Simplification, automation, and disposability were the key themes at Knowledge Foundation’s recent “Sample Prep” conference in San Diego.
Speakers indicated that researchers’ quest for “the next big thing” is accompanied by a push among tool developers to create the tools to help them advance that endeavor. To that end, presenters outlined advances in sample preparation, highlighting new and emerging devices that streamline workflow, increase portability and disposability, combine preparation steps, and allow multiple analytes to be purified from a single sample. A universal sample-preparation process for protein, DNA, and RNA designed by Integrated Nano-Technology, (INT) meets that latter goal.
As a component of the Palladium System, sample preparation is one part of a new, automated, approach for field testing and point of care. It uses sonication and magnetic separation techniques to clean and concentrate the DNA sample for identification. INT has developed a novel fluidic system to automate the entire process. The fluidic cartridge includes a unique rotary valve that minimizes consumable costs.
The company’s goal, according to D. Michael Connolly, Ph.D., president, was to automate sample preparation and to develop a universal application. “When we set up the sonicator, we modified it to work with a wide variety of samples such as blood, tissues, and whole insects.” A sample containing spores, tissues, and viruses can be purified in Palladium, which allows efficient recovery of target molecules from difficult samples without compromising the other analytes.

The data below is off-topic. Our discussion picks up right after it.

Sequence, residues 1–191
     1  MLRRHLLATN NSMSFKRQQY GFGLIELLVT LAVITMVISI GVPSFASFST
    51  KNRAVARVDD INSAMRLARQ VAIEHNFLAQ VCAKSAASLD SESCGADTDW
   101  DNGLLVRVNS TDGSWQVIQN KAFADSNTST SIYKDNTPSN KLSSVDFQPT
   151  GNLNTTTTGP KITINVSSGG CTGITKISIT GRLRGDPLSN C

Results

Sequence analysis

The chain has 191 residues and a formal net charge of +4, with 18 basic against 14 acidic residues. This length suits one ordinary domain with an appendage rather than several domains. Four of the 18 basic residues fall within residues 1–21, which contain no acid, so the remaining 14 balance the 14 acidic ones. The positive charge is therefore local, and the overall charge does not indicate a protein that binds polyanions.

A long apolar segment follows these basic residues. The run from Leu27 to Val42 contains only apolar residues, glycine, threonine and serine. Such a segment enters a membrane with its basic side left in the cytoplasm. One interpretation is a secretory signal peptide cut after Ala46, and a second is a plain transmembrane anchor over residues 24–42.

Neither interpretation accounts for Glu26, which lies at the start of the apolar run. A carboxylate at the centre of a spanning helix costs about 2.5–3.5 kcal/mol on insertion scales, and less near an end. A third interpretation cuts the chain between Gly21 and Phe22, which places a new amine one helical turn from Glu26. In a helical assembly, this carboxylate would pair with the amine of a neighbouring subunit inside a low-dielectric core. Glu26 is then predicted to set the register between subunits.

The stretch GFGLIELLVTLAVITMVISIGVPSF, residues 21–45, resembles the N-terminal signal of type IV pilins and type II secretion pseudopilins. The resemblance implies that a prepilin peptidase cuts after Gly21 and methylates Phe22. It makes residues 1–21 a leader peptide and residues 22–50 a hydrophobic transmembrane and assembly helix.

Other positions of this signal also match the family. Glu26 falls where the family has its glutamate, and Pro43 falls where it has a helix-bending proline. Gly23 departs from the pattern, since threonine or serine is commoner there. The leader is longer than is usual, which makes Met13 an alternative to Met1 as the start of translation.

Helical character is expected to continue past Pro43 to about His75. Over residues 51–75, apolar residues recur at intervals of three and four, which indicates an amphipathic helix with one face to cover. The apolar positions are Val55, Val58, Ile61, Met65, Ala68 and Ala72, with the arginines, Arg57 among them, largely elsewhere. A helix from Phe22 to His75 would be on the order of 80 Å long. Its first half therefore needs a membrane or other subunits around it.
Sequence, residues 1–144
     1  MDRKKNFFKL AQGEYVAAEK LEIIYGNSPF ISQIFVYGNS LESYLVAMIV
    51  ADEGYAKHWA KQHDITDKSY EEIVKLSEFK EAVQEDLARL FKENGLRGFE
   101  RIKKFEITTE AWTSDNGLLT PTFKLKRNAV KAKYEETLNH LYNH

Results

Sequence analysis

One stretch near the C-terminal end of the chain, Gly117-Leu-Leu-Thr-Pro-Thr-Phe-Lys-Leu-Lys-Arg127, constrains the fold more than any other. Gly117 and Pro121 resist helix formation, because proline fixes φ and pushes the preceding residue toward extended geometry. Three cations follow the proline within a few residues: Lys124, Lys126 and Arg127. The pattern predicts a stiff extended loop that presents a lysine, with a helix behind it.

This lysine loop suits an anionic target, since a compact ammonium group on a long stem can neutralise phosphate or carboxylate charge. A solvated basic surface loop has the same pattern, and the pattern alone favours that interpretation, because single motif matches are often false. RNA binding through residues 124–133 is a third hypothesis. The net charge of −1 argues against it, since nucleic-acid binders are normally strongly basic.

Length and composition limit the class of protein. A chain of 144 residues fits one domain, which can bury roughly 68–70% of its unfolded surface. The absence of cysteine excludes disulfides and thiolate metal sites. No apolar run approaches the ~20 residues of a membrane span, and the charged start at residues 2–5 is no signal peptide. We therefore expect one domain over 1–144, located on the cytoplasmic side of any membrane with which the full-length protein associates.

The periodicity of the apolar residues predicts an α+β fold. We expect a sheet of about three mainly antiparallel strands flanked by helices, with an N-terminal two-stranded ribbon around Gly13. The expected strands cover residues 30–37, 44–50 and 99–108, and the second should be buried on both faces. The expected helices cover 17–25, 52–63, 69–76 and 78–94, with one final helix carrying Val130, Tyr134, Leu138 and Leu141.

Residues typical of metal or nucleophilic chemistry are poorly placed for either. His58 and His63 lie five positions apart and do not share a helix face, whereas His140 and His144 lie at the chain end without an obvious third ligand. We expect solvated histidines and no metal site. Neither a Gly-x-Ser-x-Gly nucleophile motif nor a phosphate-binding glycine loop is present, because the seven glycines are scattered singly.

This ultrasonication method uses glass beads to break the cells. The approach for protein is gentler than the approach used for DNA, but it is basically the same. The objective is to maintain the protein in its native form, without exposing it to detergents or heat, which are used in the DNA-purification process. “We’ve also made our own nanoscale particles. They bind quite effectively to the DNA, and we get very high yields,” Dr. Connolly said. Recovery rates for DNA are “better than 95 percent, and the particles also bind protein well.”
INT is engineering a device now, with development at the breadboard stage. Dr. Connolly expects the final version to measure about 6” x 6” x 4” and to operate on rechargeable batteries similar to those of a laptop.
The need for smaller sample-preparation devices is driven by the appearance of small-scale sequencing, which needs correspondingly small sample-preparation devices, as well as by diagnostics and analytical applications. Uses include biothreat analysis and veterinary diagnostics.